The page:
A visit to Tokyo would not be complete without a trip to Tsukiji Market, and we headed there for breakfast on our 2nd day in Tokyo.
We took the longer route, getting off at Tsukiji station, and walking through many shops to reach the actual Market.
Once there, we went to take a look at the queues for Sushi Dai and Daiwa, without the intention of eating there. In that same row though, there are equally if not more awesome food to have!
At one end of the street, there is a shop (Daisada) specialising in eggs, specifically tamago! A stick of tamago cost us only 120¥, and it’s super yummy! The omelette was silky smooth, and the rich flavour hit us with every bite into it!
There’s also Tenfusa (天房), a tempura restaurant that serves really good tempura.
They do not have an English menu though, so you might end up playing charades! I kid you, it’s pretty simple to just point at the pictures on the menu and order. Alternatively, just ask for the mix tempura set, it’s the most value for money in my opinion.
If you’re looking for an authentic Japanese tempura shop, then Tenfusa is the place you’ve been looking for! It is really a hole-in-the-wall kind of shop, with a nondescript entrance, and limited seating inside. Fret not however, it is not all bar seating here, and there are a few tables and chairs as well.
I especially loved the fish & prawn tempura, which had a slightly smoky flavour and was not too oily. The little tempura prawns were really good too. I got the mix set (1,200¥), while C got the ebi tempura (700¥). Go check it out! 🙂
On our way back to Tsukiji station, we finally found Chuka Soba Inoue (中华そば 井上)! We had unwittingly walked past it earlier on our way to the market. :p
I quickly joined the queue for a bowl of shoyu ramen (700¥). The chef churns out bowl after bowl like clock-work, and it’s really impressive watching him work.
The bowl of ramen is huge, and has 4 slices of pork, and a lot of ramen noodles. The broth is pretty good as well, but there’s a lot of salt in it.
After slurping up the last of the ramen, we continued on toward Tsukiji station, where we caught the train to Shinjuku (changing at Roppongi). At Shinjuku, we changed trains again, this time to the Keio line, heading toward Takaosanguchi. Those on JR rail passes may wish to take the JR line to Takao station but note that it doesn’t go directly to the base of the mountain.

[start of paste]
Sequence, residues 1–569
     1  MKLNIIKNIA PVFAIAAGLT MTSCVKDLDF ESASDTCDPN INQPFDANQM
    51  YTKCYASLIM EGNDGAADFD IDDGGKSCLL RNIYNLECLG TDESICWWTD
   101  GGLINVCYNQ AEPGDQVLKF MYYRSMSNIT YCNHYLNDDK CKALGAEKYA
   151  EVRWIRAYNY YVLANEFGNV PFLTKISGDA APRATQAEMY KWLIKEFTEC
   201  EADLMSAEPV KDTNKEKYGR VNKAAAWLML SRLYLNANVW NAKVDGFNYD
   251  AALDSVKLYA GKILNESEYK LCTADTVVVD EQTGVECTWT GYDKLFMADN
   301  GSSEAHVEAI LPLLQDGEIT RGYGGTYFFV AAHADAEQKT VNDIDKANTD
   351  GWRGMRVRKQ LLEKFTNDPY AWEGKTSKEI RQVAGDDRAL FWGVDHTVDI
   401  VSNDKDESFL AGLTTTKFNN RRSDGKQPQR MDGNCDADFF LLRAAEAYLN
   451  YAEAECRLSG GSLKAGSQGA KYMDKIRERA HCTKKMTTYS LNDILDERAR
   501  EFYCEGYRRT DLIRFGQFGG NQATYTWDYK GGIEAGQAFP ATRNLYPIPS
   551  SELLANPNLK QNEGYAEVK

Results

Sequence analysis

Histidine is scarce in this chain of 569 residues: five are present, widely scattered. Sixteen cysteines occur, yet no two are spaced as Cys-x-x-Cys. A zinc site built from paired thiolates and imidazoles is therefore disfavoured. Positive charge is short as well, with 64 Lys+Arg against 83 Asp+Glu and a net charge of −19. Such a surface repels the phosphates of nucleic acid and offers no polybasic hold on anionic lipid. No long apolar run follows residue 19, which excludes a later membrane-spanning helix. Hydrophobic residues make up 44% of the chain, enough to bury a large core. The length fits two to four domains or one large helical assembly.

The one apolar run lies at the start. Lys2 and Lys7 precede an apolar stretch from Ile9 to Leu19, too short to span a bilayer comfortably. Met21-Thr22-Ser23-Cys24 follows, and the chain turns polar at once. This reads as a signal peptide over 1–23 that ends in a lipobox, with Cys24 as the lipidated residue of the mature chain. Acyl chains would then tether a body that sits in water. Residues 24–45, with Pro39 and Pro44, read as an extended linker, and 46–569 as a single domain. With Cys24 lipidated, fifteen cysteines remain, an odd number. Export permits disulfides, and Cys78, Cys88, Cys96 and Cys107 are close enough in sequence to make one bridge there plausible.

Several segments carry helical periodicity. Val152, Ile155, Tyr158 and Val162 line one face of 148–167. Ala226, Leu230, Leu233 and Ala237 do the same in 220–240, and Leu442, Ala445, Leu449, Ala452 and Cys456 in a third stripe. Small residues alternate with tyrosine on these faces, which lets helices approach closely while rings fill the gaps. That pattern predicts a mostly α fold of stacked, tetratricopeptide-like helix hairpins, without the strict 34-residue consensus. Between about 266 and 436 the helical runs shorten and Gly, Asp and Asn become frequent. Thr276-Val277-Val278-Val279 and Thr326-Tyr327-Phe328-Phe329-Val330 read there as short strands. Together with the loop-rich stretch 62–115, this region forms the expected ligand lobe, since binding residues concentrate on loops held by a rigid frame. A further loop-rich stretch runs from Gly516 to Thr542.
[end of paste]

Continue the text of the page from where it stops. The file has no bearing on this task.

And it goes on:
Stop by the information centre just left of the gantries when you exit the station. You can pick up a useful map there. 🙂
After grabbing a map, we walked a short distance to the cable car centre and purchased return trip tickets (930¥ each). Single trip tickets are 480¥ each. The price of the cable car ticket is the same as that for the chair lift, but it was closed when we were there, so we got the cable car tickets.
The cable car is more of a ropeway tram (similar to that at Victoria Peak, Hong Kong), and it does get really steep at one point. Although the ride is only 5-10min, hiking up the hill to the same point will easily take you more than 40min.
From the cable car station on the mountain, it was another 40min of hiking to ascend to the peak. We took two different trails; the suspension bridge one (route 4) on the way up and the temple one (route 1) on the way down. The suspension bridge trail lacks proper paths, so do come prepared.
It’s not an easy trail either, as there were many parts of the trail that require you to step over overgrown tree roots and steep inclines. It is definitely (in my opinion), way more interesting than the other router though.
After reaching the top of Takaosan, we were disappointed to find out that we couldn’t see Mt Fuji due to the mist.
We still took a few pictures around the summit before trekking back down, so it was not a totally wasted trip.
We caught the Keio line express train back to Shinjuku, and just knocked out for the entire journey. I guess the cold weather and the hiking made us really tired.
We took the subway to Ikebukkuro station from Shinjuku station, as the Pokemon Centre was located near Ikebukkuro. Take Exit 35, and walk past the bustling shopping street till you reach Sunshine Building. The Pokemon Centre is on the 2nd floor of the Alpa block.
Even though we had been to the Pokemon Centre in Osaka, this one had a slightly different feel to it, and carried some items that the other did not. So yes, we ended up buying some stuff! :p
We left to meet a friend at Shibuya station, and took the Fukutoshin line direct from Ikebukkuro station. After meeting up with J in front of the Hachiko statue (a popular meeting point), we took the subway to Akasaka-mitsuke, where J had reserved a table at a restaurant.
We found out upon arriving at the restaurant that it was a ninja-themed restaurant, and was aptly named NINJA. To get to our table, we had to go through ninja ‘initiation’. Following our ninja guide, we ducked under, jumped over the obstacles, and somehow survived the initiation. :p
J ordered some dishes for us to share, and all were rather tasty! 🙂
After a good dinner and catch-up session, we finally left the restaurant after being chased out (they close at 10pm). :p
Summary of Day 2:
– Tsukiji Market
– Pokemon Centre Tokyo
– NINJA restaurant